• Church books from the Evangelisch Church of Rappenau (now Bad Rappenau, Baden-Württemberg, Germany) 1731-1802 - The second church book of the Evangelisch Church of Rappenau (now Bad Rappenau, Baden-Württemberg, Germany) dates from 1731-1802. An inscription on the old cover indicates that this parish register replaced the first volume (1652-1731) because it was full. The church book includes seven sections in 561 pages: 1) ab. Anno 1654, 2) Kiftengen, 3) Taufregister, 4) Confirmationsregister, 5) Eheregister, 6) Todenregister, and 7) Haftmallregister.
  • Deutsche Bischofskonferenz. Catholic church archives are listed on the Web sites of the respective Bistum, yet in an inconsistent way and mostly in German.
  • Diözesan-Archiv Berlin. Diocesan archive of Berlin. Contact information. (In German)
  • Duncker, M. Verzeichnis der württembergischen Kirchenbücher. Stuttgart: Kohlhammer, 1938. (Family History Library Ref943.47 K23d 1938; microfilm 492889 item 1; microfiche 6053528).
  • Eger, Wolfgang. Die protestantischen Kirchenbücher der Pfalz. Landau: Verlag des Prot. Landeskirchenrates der Pfalz, 1960. (Family History Library Ref943.43 B4vp v.8; microfilm 845166 item 2).
  • Eisenberg, Erich. Kirchenbuchverzeichnis der Evangelischen Kirche von Kurhessen-Waldeck. Kassel: Verlag Evangelischer Presseverband, 1973. (Family History Library Ref943.41 K23e).
  • Endler, Carl and Edm. Albrecht. Mecklenburgs familiengeschichtliche Quellen. Hamburg: Richard Hermes, 1936. (Family History Library 943.2 A5e; microfilm 496473 item 8).
  • Evangelical Churches in Germany. Evangelische Kirche in Deutschland .Click on "Gemeinden A-Z" for a list of parishes. (In German)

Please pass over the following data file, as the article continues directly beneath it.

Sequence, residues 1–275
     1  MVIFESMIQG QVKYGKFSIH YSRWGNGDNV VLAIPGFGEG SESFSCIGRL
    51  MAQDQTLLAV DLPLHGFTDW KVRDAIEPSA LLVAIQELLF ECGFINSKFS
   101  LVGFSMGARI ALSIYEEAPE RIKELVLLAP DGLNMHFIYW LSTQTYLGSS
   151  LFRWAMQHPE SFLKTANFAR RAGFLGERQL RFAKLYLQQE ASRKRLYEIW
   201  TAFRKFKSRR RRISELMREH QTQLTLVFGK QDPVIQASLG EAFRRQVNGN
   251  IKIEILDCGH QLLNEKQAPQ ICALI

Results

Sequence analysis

• Evangelisches Zentral-Archiv in Berlin . Archiv der Evangelischen Kirche in Deutschland und der Evangelischen Kirche der Union.  Evangelical Church Central Archive in Berlin (EZA). Catalogue of parish books of the eastern church provinces of the evangelical church of the old Prussian union. Includes a listing of Pommern church books sorted by town. Evangelisches Zentralarchiv, Kirchenbuchstelle, Bethaniendamm 29, 10997 Berlin, Germany. (In English and German) Email:
  • Family Names of the Prussian Mennonites. .Compiled by Adalbert Goertz.
  • Ferguson, Laraine, "Locating Church and Civil Registration Records," German Genealogical Digest, Vol. 1, No. 3, pp. 202-2003, 1985.
  • Franz, Hermann. Die Kirchenbücher in Baden. 3. Auflage. Karlsruhe: Braun, 1957. (Family History Library Ref943.46 B4ns; microfiche 6000833).
  • Garbe, Fritz. Die Kirchenbücher in der Ev.-luth. Landeskirche Hannovers. Hannover: Carl Albrecht, 1960. (Family History Library Ref943.59 K23g; microfilm 1181595, item 5).
  • German Genealogical Research Before The Church Records Begin
  • German-American Religious Groups - The Church-German-Americans
  • German Lutheran Records in Chicago
  • Göppingen, Württemberg, Germany and surrounding villages